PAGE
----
It's been hard to find positives amid the current pandemic, but the environment may be one. The world has seen some marked environmental gains in terms of air quality due to reduced human activity, just in time for next Wednesday's 50th anniversary of Earth Day.
That's certainly some much needed good news, but is it sustainable? Some Bucknell professors and environmental researchers aren't sure.
"Yes, CO2 will go down during these months — a lot. But, as we learned from both 9/11 and from the 2008 Great Recession, CO2 will bounce right back up again with vigor," says economics professor Thomas Kinnaman, a leading environmental economist. "To get a sustained change, we must hope that this social distancing is somehow changing people permanently."
Professor Andrew Stuhl, environmental studies & sciences, anticipates that some psychological effects from the collective behavior now occurring will linger, and that people are learning what it takes for transformative change to happen on the societal scale.
"A few months ago, it would have seemed impossible for global society to pivot so quickly in terms of commerce, transportation, consumption and so on. And this seeming impossibility was often raised as a critique of any policy proposal for massive change to the American economy," says Stuhl, author of Unfreezing the Arctic: Science, Colonialism, and the Transformation of Inuit Lands. "Now people across the country can see how quickly the nation can shift."
That doesn't mean that environmental policy proposals will suddenly find more support. But Stuhl says it does mean the arguments against them will have to center on something more substantive than societal inertia.
Professor Duane Griffin, geography, agrees that the pandemic may have a profound effect on people's thinking regarding the environment and the political economy, but it’s too soon to know how and how much.
He notes that the timing of the pandemic-required shutdown is interesting. Not only is this Earth Day's golden anniversary, but 2020 marks the 30th anniversary of the Intergovernmental Panel on Climate Change's First Assessment Report, which focuses on another curve that needs flattening.
"The 30 years that could've been spent transitioning to more sustainable societies gradually and cheaply are gone," says Griffin, who is also an environmental studies & sciences faculty affiliate. "Greenhouse gas levels in the atmosphere have kept rising, and because of feedbacks and tipping points in the Earth system, this is the last decade we have to avoid a truly bad global outcome."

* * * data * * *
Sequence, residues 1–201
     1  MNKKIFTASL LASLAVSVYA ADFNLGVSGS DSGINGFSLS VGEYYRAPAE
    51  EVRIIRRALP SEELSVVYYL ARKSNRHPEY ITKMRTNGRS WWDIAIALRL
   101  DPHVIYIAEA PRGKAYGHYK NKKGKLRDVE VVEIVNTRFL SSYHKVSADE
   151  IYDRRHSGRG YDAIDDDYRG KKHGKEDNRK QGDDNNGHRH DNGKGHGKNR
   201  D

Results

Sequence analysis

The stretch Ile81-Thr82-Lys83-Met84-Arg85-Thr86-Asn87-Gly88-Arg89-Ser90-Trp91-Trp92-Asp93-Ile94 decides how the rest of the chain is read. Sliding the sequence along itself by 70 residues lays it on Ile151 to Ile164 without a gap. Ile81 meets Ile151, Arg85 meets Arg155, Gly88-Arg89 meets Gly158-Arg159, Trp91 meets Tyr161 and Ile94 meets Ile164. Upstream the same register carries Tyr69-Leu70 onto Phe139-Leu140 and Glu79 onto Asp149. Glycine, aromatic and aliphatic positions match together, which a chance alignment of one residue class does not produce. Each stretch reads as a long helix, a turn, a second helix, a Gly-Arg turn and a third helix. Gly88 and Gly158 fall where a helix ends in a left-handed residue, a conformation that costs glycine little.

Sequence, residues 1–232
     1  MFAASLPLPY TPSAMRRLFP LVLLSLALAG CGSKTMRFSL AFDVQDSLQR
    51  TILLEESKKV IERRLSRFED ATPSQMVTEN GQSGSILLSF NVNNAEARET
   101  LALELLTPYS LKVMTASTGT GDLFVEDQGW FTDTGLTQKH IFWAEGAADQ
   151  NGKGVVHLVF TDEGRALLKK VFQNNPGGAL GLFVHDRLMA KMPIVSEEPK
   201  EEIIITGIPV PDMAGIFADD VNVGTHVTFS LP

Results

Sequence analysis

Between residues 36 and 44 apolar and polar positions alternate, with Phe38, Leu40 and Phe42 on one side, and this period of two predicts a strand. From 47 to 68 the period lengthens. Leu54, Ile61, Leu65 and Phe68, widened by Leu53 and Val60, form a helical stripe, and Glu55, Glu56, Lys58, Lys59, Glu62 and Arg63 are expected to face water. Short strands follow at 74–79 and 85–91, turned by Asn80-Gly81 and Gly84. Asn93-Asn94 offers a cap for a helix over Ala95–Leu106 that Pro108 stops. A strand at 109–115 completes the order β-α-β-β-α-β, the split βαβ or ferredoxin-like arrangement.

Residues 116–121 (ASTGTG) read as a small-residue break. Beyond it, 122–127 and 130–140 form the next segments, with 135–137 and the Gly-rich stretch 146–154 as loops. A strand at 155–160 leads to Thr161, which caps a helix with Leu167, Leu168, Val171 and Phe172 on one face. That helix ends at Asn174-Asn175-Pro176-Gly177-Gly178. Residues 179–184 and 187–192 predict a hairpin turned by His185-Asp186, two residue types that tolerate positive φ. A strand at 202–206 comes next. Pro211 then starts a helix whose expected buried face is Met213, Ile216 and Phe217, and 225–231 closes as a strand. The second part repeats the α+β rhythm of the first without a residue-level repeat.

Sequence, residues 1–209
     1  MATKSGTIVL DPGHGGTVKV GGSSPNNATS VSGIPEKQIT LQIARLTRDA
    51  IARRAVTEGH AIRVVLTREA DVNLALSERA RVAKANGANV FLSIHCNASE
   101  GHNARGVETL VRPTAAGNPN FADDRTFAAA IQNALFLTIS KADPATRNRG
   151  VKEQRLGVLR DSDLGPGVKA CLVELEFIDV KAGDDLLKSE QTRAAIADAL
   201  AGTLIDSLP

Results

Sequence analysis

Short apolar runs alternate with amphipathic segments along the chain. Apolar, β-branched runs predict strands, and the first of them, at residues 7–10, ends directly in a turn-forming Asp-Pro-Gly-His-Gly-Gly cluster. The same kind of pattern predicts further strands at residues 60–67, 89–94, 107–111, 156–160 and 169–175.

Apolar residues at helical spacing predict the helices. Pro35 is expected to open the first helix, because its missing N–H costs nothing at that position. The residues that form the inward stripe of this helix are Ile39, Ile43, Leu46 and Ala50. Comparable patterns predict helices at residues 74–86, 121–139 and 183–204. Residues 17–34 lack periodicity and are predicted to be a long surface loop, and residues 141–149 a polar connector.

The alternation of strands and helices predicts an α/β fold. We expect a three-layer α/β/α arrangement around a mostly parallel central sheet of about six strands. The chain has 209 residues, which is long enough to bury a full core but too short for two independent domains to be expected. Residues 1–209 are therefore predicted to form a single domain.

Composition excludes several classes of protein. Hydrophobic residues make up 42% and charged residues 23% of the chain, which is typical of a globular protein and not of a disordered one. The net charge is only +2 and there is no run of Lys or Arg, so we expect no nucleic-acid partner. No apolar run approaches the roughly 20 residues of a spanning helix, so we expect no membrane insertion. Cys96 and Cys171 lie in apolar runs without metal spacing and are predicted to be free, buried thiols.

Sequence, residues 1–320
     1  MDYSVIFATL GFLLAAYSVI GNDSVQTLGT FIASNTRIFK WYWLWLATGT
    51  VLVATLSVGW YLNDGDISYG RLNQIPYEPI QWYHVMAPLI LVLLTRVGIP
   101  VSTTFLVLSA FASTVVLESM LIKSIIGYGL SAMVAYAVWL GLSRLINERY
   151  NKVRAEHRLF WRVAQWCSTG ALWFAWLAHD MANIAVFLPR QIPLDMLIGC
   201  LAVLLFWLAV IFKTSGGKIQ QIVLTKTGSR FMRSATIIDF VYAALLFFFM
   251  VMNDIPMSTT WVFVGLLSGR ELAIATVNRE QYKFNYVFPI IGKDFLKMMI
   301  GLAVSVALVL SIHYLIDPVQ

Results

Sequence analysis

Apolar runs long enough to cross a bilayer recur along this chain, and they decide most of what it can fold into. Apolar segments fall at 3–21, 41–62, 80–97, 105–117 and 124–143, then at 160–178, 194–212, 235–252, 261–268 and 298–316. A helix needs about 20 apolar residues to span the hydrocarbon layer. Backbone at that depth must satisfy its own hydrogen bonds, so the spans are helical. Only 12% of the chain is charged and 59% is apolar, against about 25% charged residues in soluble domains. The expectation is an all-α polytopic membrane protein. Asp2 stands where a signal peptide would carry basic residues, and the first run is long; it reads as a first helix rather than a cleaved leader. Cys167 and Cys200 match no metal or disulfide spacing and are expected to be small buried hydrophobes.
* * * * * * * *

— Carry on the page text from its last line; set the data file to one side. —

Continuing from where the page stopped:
The temporary reduction in carbon emissions from the current lockdown won't change that. But money talks, and according to Kinnaman, most economists believe the way out of the climate crisis must include placing a very high price on carbon.
"This high price will incentivize energy conservation and the switch from fossil fuels to various renewables. We believe we can do this without disproportionately impacting low-income households if revenues from carbon pricing are used to provide relief in any number of ways," he says. "This strategy has been employed in various European countries and increasingly in Canada. Momentum around this strategy is growing internationally and across a broad spectrum of climate thinkers in and out of economics."
Stuhl sees the political and economic effects of the pandemic being the most consequential to the long-term health of the environment. Because of the economic hardship and unemployment caused by the crisis, he envisions a different economy emerging from the disaster, one shaped by the congressional stimulus packages.
"With these economic stimulus packages, Congress has a real chance for a down payment on a new, regenerative economy — one built on renewable and sustainable infrastructure, including across our agricultural, transportation and industrial sectors," he says.
But while cheaper renewable energy may emerge from the crisis, Kinnaman contends that still doesn't necessarily incentivize energy conservation.
"Tremendous reductions in carbon can be realized through old-fashioned steps to conserve energy and are relatively costless. But stimulus packages coming out of Washington are certainly going to promote the unsustainable energy consuming habits of most Americans, and this concerns me," he says. "The day that carbon is priced may be delayed by these current events."
The best case scenario, according to Griffin, is that the COVID-19 crisis will serve as a wake-up call and clean break in business-as-usual practices that may lead to governments and citizens re-evaluating practices that have the world headed toward a climate cliff.
"We're already seeing some things in the U.S. that may be pointing in that direction," he says. "Expertise is back in vogue, science is more important than celebrity, and collective action is working a miracle by slowing the virus’ spread."